Gary Oldman on Creating ‘Mank’ and Finding the Right Voice: “The process is still a bit of a mystery”

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“There are all sorts of little keys that unlock the door for you to get into a character.” – Gary Oldman

Academy Award-winning actor Gary Oldman received his third Best Actor Oscar nomination for his role as Citizen Kane screenwriter Herman J. “Mank” Mankiewicz” in David Fincher‘s Netflix film Mank. It’s an extraordinary performance in a career that has been full of them. Speaking with Netflix Queue about the role (by way of the podcast Present Company), Oldman detailed the “headwork” that went into his portrayal of Mank.

When it comes to portraying a character, Oldman points to the importance of “headwork,” but also notes that it isn’t everything. He says, “The process is still a bit of a mystery. There’s a certain amount of headwork that you need to do with a character like this; you gather the information as much as you can. But I’ve also said that if you were playing Hamlet, you could read every book there is on Hamlet, you could holiday in Denmark, but on opening night that won’t help you stand there and say, ‘To be, or not to be.’ Mank was an alcoholic, and I’ve been in recovery now for almost 24 years, so in that respect I could bring a lot to the party.”

For Oldman, one of the major steps in figuring out how to portray Mankiewicz was finding the right voice — which wasn’t easy considering there are no recordings of his voice available. Oldman explains:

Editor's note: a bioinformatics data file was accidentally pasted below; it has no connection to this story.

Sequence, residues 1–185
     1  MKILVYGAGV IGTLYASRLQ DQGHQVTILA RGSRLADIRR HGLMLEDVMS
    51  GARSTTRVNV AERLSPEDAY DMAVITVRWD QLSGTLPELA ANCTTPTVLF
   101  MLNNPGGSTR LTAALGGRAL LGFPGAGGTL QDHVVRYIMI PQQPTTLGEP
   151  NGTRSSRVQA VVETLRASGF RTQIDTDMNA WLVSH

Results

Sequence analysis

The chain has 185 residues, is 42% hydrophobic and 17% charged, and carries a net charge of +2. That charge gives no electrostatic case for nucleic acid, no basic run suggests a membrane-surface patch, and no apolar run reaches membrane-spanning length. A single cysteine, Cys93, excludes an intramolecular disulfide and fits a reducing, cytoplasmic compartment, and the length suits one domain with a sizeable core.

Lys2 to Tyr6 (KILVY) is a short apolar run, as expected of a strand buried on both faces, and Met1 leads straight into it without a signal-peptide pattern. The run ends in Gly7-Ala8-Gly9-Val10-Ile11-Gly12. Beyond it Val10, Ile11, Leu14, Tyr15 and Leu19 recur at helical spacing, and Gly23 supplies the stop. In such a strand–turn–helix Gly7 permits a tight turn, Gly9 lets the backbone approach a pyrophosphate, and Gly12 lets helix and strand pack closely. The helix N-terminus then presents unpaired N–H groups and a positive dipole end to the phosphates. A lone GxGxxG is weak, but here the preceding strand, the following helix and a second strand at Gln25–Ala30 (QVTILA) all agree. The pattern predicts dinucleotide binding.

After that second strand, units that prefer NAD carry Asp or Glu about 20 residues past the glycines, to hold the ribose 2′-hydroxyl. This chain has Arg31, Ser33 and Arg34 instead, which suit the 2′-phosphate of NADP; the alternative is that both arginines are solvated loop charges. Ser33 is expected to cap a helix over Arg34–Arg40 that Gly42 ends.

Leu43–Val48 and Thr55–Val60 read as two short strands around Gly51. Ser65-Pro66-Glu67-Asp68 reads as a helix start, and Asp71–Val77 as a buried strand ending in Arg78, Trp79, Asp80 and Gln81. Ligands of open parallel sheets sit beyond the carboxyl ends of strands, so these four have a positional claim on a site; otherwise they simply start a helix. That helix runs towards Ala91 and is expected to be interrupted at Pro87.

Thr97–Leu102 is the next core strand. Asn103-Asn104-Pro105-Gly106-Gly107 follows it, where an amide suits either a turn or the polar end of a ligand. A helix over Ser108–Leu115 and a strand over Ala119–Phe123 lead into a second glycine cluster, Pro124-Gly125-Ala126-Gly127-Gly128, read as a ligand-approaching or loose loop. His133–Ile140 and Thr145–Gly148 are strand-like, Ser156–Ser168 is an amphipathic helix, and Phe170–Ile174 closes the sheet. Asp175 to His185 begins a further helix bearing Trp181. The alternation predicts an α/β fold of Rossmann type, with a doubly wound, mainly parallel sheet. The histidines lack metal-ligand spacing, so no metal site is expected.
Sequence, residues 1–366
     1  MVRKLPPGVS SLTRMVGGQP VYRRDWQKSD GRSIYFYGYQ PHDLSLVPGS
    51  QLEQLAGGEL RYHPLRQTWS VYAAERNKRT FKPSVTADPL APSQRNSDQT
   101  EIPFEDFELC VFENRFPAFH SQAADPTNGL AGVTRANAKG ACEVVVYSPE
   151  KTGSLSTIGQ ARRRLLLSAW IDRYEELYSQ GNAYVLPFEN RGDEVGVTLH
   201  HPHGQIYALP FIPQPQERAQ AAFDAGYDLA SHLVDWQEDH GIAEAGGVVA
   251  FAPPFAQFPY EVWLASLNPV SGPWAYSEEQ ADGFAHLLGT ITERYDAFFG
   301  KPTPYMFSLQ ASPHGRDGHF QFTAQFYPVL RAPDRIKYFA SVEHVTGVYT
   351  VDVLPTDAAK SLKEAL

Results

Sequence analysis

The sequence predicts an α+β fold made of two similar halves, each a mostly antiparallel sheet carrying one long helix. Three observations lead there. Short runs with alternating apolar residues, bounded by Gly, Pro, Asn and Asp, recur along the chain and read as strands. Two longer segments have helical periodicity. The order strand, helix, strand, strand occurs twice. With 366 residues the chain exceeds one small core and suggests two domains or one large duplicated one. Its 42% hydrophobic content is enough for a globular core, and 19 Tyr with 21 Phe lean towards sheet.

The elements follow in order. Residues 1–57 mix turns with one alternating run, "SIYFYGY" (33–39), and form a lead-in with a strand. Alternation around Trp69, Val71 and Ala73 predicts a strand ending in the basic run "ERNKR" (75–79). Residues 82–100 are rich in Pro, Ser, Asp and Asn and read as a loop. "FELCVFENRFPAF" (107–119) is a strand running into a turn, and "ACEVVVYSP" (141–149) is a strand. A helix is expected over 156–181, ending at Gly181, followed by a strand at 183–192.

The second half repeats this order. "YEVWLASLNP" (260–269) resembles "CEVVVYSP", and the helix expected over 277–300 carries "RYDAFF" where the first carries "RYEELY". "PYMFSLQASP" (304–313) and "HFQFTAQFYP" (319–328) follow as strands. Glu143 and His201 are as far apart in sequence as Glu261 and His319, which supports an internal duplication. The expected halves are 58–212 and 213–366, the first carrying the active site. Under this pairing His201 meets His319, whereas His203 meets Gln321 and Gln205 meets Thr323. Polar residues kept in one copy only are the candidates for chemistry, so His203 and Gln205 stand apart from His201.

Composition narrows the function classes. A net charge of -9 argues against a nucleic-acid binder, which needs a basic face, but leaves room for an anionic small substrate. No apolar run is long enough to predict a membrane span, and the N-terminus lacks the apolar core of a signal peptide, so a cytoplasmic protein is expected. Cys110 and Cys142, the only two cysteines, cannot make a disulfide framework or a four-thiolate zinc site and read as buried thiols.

“There are all sorts of little keys that unlock the door for you to get into a character. With this one, it was a vocal thing. Finding the voice really got the ball rolling. There’s no recording of Mank, but there are plenty of recordings of his brother, Joe Mankiewicz [who wrote and directed All About Eve]. I thought to myself that the apple probably doesn’t fall far from the tree. I started to work on that real dry delivery, that sort of throwaway delivery, with the voice of Joseph Mankiewicz. You begin with an impersonation and then you start to make it your own. You’ve got the basic root sound and timbre from Joe, and then you add a bit of smoking and some whiskey — a lot of whiskey — on top of that voice. You give it a pinch of Burgess Meredith, and you have Mank. You feel it. It’s a sensation. It’s the muscles in the mouth. It’s the tongue and the teeth. All of that is vital.”

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